Monday, 22 November 2010

In a letter, I would send the sound and smell of rain on wood.


   Hello to you on a rainy Monday.  Over here this morning, the sky is pulling the wooly greyness of her winter blankets across the sky.  I am told that there is snow on the mountains already, and soon there will be some in town as well.  The small plastic radio babbles on the floor in the corner and our eyes peer at this or that thing in the dimness.  I count the shoddy day light hours, never exacting from them all that I plan to.  But, I am trying to teach myself not even to notice them at all, that supper is not eaten around nightfall, days of painting can curl themselves around lamplight any time, and a working-day tiredness comes only from work and not absence of sunlit hours.
   The clothes horse stands well-dressed and waiting, a lone magpie passes at the window.  Assemblies of folklore books gather on the tabletops, on the floor.  If the rain stops for a moment I will buy us milk for our tea, and the wind can sweep up from the sea and over the rooftops to push me back up the hill as I walk down it towards home.


6 comments:

  1. Big love to this green wooden hut !! Maybe it hides a big and really old etching press :) (I'm fascinated with those things)
    I don't think it will snow already in Belgium, but we too need hot tea with milk, and the cats don't stop sleeping.

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  2. Funny to think our Mondays were so very similar Jodie. I had to reach for woollen socks and a cardi normally we are stripping right down to the barest essentials - but I prefer the grey and cold leading up to Christmas as it makes it seem much more seasonal to be wrapping up warmly and switching lamps on during the day at this time of year for me. It's a windy and raining start to Tuesday here ... yipee*!*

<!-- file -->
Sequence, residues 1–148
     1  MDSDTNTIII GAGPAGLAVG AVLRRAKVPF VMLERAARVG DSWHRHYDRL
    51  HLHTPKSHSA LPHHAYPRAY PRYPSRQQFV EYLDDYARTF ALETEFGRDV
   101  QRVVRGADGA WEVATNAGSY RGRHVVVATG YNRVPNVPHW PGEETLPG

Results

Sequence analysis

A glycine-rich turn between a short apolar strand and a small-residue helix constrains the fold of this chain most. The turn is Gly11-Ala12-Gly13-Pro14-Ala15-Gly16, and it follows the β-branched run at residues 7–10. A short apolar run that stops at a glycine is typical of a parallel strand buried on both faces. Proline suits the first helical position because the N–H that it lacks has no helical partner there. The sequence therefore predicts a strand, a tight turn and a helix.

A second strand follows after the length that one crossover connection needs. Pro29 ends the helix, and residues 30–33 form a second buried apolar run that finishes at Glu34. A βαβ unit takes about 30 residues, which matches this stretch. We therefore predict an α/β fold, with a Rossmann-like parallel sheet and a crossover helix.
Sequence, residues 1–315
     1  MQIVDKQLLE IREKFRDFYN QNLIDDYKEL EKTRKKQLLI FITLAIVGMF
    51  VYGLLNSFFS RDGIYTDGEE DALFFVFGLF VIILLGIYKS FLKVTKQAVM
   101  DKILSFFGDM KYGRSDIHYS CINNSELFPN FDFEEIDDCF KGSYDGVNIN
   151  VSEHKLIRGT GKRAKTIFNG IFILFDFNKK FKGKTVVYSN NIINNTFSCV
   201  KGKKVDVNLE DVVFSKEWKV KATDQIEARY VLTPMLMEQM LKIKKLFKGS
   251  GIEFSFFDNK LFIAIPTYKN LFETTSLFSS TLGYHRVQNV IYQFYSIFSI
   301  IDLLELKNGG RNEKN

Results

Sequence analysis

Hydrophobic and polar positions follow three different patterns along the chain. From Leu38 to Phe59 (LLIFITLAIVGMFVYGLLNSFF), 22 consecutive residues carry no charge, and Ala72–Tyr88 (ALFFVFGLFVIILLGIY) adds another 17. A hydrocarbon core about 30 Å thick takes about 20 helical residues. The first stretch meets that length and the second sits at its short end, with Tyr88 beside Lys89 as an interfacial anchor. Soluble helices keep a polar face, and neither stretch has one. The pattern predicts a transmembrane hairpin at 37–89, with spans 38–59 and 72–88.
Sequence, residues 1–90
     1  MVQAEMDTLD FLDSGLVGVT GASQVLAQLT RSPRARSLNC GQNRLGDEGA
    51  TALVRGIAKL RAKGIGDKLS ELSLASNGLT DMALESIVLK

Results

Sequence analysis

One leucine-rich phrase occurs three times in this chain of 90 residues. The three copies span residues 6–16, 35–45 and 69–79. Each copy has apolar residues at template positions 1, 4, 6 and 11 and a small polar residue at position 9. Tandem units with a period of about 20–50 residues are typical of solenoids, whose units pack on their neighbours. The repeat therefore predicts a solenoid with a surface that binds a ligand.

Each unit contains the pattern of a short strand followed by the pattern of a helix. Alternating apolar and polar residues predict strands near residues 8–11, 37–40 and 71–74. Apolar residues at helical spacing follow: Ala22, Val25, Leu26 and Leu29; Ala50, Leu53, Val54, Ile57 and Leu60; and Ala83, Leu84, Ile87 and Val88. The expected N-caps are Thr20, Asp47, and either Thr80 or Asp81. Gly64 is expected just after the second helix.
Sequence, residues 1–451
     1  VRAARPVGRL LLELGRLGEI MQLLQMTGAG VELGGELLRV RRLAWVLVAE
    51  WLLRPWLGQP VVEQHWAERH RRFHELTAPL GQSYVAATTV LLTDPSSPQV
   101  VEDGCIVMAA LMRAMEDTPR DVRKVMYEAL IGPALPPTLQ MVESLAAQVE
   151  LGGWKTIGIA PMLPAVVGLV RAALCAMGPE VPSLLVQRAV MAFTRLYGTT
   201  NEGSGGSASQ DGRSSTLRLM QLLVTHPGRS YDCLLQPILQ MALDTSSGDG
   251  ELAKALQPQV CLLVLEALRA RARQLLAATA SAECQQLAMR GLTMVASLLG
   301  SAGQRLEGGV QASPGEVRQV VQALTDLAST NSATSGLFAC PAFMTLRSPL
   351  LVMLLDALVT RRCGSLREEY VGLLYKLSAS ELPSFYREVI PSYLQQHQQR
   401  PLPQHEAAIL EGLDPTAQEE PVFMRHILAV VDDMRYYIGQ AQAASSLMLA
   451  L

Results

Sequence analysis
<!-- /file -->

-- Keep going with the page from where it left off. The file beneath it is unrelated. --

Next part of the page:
Wonder how many secrets that shed is the keeper of
    ... secret assignations, ciggies smoked on the qt by school kids ... also wondering how many coloured coats it's worn over the years. I think it's calling out to appear in one of your paintings.

    Smiles to you hope you managed to get out for the milk

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  3. Hi Barbara,
    I know what you mean about loving big etching presses! The one studio I've been to here in Aberdeen has a press that is about the size of a car (and also a smaller one that has little decorations on the cast iron frame... little girls painted to have blond hair and red rosy cheeks). It's sort of hilarious to use such big presses to print my tiny little copper plates!
    Though, I think the only way that the little hut could seem to hold a big press, is if you were very small.
    Wishing you lots more cups of hot hot tea!

    Hi Annie,

    I'm happy you are getting some Christmassy weather too! I was just thinking the other day about what it would be like to be in Australia at Christmas time, especially if you were used to the North...

    It does have so much character doesn't it? I think they've got it at just the right green right now. Maybe it'll have to get painted in a painting somewhere one of these days... what else is there to do, I'm too big too live there!

    Hope your crows are still giving you some fun!

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  4. Sounds like a perfect letter.
    What lovely photos and words of magic! I long for days like these, away from the hustle and bustle of the city, and the 9-5.

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  5. I have to admit it did take a little while to get used to a summer one. As for the little green hut you could have fun imagining how you would fit out the inside if you were to make it yours*!*

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  6. Heisann Jodi!
    You depict life on the Scottish east coast so fabulous ... and the hut is like taking out of a fairytale (do you say so in English?)Copy it in one of your paintings!
    Have a nice Sunday ;:OD)

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